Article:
Government-sanctioned mass killings in Gambella in Ethiopia by South Sudanese forces, which decimated the Anuak Tribe in January last year, is a clear example of the second wave of atrocities of the maleficient rulers towards the forgotten people of the African Horn.
Refugee Art Project is a not-for-profit community art organisation that holds art workshops for asylum seekers and refugees — both within the Villawood detention centre and in its studio in north Parramatta. Eila Vinwynn spoke to Safdar Ahmed, who founded the group about its work and aims.
The Case Against Fragrance
Text Publishing, 2017
The fragrance industry really gets up Kate Grenville’s nose.
The Australian novelist has gradually worked out that artificially-scented consumer products, from high-end perfume to toilet cleaner, were the cause of her debilitating headaches and wooziness.
Unionists held a protest in favour of penalty rates on May 27 outside the Liberal member for Corangamite Sarah Henderson’s Geelong office. Adele Welsh, a social worker and member of the Australian Services Union and Geelong Trades Hall Executive, gave this speech at the protest.
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Residents across south-west Western Australia reacted angrily to a state government admission that unconventional gas exploration and mining could still go ahead despite an election promise to ban fracking in the state.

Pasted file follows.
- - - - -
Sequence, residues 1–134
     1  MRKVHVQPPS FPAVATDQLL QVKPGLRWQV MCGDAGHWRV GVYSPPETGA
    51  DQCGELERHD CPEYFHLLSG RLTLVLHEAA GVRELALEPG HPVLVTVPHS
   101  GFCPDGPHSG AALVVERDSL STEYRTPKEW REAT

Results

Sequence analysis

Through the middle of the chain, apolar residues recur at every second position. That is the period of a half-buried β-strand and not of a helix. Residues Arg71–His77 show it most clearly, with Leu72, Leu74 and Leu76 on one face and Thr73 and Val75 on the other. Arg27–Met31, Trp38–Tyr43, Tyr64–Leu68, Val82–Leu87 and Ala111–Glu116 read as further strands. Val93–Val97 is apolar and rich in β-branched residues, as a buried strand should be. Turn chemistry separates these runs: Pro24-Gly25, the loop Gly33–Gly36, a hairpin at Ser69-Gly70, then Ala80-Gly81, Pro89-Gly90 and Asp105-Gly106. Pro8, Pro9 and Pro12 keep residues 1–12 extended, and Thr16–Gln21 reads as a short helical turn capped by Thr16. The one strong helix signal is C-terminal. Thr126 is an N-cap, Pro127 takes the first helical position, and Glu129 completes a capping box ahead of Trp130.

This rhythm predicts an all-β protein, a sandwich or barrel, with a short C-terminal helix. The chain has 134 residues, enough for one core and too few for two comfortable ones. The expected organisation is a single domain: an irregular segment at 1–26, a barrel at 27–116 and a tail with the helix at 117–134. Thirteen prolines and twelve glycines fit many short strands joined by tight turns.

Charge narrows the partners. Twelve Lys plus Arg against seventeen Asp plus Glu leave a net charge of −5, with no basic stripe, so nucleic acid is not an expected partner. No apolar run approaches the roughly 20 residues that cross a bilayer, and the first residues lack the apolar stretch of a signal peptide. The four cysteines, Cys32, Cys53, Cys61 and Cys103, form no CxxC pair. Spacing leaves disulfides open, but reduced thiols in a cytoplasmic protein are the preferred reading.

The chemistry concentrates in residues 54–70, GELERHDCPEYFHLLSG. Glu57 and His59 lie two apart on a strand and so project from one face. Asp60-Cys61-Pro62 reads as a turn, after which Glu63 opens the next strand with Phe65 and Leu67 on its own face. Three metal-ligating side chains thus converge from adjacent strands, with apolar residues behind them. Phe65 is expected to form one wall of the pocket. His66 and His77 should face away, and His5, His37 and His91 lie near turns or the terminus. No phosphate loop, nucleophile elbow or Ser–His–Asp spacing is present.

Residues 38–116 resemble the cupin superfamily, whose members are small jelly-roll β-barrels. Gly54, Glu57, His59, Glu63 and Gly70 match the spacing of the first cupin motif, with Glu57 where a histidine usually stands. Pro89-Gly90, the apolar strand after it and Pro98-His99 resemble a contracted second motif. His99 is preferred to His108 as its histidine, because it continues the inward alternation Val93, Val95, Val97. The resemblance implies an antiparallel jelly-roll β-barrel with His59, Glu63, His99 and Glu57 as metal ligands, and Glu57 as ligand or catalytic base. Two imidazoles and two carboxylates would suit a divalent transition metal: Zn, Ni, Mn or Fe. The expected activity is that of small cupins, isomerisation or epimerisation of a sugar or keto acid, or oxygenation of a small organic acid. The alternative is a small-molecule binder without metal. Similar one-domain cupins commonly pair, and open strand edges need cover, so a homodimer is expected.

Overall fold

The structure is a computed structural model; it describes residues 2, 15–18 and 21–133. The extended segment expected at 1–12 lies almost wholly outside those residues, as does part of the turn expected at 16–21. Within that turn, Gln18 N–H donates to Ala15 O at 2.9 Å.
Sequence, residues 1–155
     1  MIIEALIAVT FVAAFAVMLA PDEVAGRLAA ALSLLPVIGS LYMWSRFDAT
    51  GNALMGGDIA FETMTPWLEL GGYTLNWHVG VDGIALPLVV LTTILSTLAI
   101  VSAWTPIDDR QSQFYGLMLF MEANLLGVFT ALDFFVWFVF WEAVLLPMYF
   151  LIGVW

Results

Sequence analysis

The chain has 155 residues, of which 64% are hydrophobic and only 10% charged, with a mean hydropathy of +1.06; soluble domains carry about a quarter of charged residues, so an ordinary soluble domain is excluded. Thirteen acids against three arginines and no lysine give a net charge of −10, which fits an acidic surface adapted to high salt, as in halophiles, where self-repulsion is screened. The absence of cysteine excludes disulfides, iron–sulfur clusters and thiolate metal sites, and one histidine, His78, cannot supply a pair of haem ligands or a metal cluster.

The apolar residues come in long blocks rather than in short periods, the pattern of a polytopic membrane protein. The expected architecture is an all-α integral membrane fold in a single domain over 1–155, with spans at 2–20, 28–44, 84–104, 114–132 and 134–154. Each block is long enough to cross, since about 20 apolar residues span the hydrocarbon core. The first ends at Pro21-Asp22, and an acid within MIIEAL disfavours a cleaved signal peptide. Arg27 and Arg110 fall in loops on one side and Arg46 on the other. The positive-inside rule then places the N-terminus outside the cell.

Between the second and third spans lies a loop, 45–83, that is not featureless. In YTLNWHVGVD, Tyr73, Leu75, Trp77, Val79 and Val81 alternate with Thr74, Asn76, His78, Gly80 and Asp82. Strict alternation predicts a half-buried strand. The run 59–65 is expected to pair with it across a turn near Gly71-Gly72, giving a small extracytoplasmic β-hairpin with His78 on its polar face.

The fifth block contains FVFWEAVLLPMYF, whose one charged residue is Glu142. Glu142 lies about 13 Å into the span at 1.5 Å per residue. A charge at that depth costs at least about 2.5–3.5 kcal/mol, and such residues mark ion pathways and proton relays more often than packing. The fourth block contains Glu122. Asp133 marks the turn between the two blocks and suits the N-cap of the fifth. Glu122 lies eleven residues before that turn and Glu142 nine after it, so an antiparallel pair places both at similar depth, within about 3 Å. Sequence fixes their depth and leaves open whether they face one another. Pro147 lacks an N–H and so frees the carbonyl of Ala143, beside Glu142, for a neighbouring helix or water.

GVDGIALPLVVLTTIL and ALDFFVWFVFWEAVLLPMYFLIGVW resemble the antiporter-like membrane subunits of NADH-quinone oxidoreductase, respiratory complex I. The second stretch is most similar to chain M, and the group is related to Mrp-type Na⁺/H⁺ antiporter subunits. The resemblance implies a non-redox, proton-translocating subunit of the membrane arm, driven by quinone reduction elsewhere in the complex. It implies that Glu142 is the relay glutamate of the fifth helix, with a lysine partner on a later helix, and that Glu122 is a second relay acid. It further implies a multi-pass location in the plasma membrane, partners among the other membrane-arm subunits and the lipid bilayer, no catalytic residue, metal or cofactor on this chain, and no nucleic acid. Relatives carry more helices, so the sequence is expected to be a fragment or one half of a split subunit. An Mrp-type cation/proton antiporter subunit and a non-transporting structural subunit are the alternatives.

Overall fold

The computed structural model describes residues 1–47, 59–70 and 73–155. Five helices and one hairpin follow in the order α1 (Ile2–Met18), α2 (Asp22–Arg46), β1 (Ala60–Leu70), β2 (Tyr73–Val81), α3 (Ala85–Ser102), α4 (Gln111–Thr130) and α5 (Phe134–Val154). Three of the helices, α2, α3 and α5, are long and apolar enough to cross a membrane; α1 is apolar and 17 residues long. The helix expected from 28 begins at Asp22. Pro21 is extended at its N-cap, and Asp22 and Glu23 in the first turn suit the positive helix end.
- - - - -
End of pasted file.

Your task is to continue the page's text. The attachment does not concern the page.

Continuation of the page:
What seemed at first to be a depressing and predictable British election, with the hard right Tories under Prime Minister Theresa May set for a larger majority, has become a fascinating election contest.
Labour’s support has surged to the point where something unthinkable just weeks ago — a Jeremy Corbyn prime ministership — is now at least an outside chance.
For the briefest of moments — and to everyone's great surprise — it seemed like the Queensland government was finally going to do one thing right in relation to the Adani coalmine.
Local farmers and community members joined representatives of the Oakey Coal Action Alliance and their legal team from the Environment Defenders Office (EDO) outside the Queensland Land Court on May 31.
They were celebrating a resounding victory in their case against the expansion of the New Acland coalmine in the rich farmlands of the Darling Downs.
The hunger strike launched in April by more than 1500 Palestinian prisoners ended on May 27 when the Israeli Prison Service (IPS) agreed to key concessions to improve the prisoners’ conditions.
The announcement of the end of the 41-day hunger strike, coinciding with the start of Ramadan, was greeted with relief and joy by prisoners’ families and supporters across Palestine and the world. By the time the deal to improve conditions to end the hunger strike was struck, about 800 prisoners were still participating.